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A “GOOD” STL! What’s That?

How to create a good STL file from your solid modeling software...


A “GOOD” STL! What’s That?
The STL file format has become recognized as the standard for RP machines. Note that STL files are produced by CAD systems that are based on surface and/or solid modeling only. 2-Dimensional and Wireframe CAD systems do not output STL files.

STL files can be saved in ASCII or Binary format. ASCII format creates very large file sizes. Parts that have an extremely large file size usually are in an ASCII format or contain over 150,000 triangles. Files such as these can cause problems with file transfer over the web and hinder the process for setting up Rapid Prototype machines.     

          

An indication as to if you have a good resolution STL file is by looking at the amount of triangles that were generated. On average an STL file (in Binary format) that has the number of triangles, which fall between 25,000 and 75,000, will usually be a good resolution file. The exact number of triangles is geometry dependent, which in turn causes variations between part designs. You can also look at the STL file and see if the resolution is too course or over tessellated.  The images to the right show examples of different quality STL files.

I suggest generating all .STL files in “Binary” format using a Chord Height (Deviation) setting of .0005 of an inch (.0127mm). Angle Control is not as important and can be left at the default setting.

STL File format

 

The STL file format has become recognized as the standard for RP machines. Note that STL files are produced by CAD systems that are based on surface and/or solid modeling only. 2-Dimensional and Wireframe CAD systems do not output STL files.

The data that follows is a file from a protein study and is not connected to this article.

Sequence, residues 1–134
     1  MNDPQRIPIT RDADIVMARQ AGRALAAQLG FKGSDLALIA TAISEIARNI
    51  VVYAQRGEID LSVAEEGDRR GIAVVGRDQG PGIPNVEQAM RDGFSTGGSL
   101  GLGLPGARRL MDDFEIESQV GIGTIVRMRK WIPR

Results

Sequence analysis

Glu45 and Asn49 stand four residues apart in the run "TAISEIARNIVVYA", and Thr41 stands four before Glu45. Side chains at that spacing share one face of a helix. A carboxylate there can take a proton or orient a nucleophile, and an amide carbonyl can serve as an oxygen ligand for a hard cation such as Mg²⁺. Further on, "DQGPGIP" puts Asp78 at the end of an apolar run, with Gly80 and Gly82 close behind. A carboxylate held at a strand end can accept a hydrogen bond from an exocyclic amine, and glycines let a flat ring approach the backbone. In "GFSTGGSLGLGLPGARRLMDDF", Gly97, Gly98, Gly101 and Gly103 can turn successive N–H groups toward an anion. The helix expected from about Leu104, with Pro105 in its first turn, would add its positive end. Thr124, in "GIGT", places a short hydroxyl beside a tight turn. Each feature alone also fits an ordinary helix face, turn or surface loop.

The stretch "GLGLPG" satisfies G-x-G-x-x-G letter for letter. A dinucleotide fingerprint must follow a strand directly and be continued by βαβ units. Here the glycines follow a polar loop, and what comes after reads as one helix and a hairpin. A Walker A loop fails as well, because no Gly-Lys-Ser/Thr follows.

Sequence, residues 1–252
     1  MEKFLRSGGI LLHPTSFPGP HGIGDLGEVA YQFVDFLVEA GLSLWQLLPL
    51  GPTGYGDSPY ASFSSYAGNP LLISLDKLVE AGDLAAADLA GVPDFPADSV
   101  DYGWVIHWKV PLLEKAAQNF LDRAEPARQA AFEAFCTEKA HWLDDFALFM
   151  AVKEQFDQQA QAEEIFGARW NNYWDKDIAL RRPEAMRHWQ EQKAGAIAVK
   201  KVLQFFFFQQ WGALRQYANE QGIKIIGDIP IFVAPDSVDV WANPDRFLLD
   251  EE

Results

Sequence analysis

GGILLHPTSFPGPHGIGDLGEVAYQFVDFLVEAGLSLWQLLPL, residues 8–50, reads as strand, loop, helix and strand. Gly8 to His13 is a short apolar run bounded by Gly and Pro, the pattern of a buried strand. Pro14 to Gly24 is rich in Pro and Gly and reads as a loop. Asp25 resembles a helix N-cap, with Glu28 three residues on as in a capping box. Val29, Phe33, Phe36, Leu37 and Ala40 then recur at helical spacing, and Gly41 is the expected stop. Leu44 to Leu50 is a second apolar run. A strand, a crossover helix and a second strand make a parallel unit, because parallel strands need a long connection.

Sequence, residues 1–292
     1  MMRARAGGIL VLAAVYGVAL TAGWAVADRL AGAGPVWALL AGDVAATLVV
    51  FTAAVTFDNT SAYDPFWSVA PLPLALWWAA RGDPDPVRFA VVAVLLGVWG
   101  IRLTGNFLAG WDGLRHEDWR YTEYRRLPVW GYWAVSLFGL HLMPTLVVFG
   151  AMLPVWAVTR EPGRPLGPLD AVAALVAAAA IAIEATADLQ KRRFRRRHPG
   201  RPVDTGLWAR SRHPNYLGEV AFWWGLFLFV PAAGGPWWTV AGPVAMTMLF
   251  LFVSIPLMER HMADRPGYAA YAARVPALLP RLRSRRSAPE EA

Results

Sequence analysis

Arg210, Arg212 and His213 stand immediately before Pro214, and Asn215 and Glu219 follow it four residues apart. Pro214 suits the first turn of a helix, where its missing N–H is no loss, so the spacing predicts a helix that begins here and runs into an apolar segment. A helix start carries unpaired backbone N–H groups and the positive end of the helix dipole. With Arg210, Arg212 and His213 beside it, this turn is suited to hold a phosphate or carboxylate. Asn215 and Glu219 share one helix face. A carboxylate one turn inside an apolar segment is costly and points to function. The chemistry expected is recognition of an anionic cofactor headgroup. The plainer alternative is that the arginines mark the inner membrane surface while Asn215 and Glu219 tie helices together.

Recommended STL Settings:

It is suggested that you generate all .STL files in “Binary” format using a Chord Height (Deviation) setting of .0005 of an inch (.0127mm). Angle Control is not as important and should be left at the default setting.


Fig1. Under Tessellated


Fig2. Good


Fig 3. Over Tessellated

STL employs a method of representing surfaces of a CAD model as a closed volume mesh comprised of triangles. The quantity and size of these triangles dictate how accurately the surface mesh represents the actual product. The following example illustrates this concept using a triangulated mesh to describe a common circle:

Desired Shape

Low Quality

Medium Quality

High Quality

As the number of triangles increases and the relative triangle size decreases, the shape begins to more accurately represent the outline of a circle. This is often referred to as the "facet resolution." It is an important concept because parts constructed on RP equipment may require additional finishing or may not measure to accurate dimensions if the facet resolution is too low. CAD programs often contain optional settings that will give the designer some level of control over the quality of the STL file output. The most common settings or variables pertain to "Chord Height"(Deviation) and "Angle Control" (Angle). Chord Height is a term that numerically describes the maximum distance between the actual part surface and the tessellated surface of the STL file that describes the part.

The following illustration represents the concept of cord height:



The images to the left show examples of different quality STL files. The images to the left show examples of different quality STL files.

The smaller the chord height, the more triangles required to describe a particular section of part geometry, and thus, better facet resolution. Angle control is another common setting which influences the tessellation of curves with relatively small radii in comparison to the overall size of the CAD model. Output of a high-resolution STL file does come with a trade-off. File size often becomes extremely large with low chord height and angle control settings.

STL files can be saved in ASCII or Binary format. Binary is the better choice of two. ASCII format creates very large file sizes. Parts that have an extremely large file size usually are in an ASCII format or contain over 150,000 triangles. Files such as these can cause problems with file transfer over the web and with the process for setting up Rapid Prototype machines. An indication as to if you have a good resolution STL file is by looking at the amount of triangles that were generated. On average an STL file (in Binary format) that has the number of triangles which fall between 25,000 and 75,000 will usually be a good resolution file. This varies between part designs, it is dependent on geometry. You can also look at the STL file and see the resolution
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Categories: SLA, Design, FFF, Polyjet, SLS, DMLS
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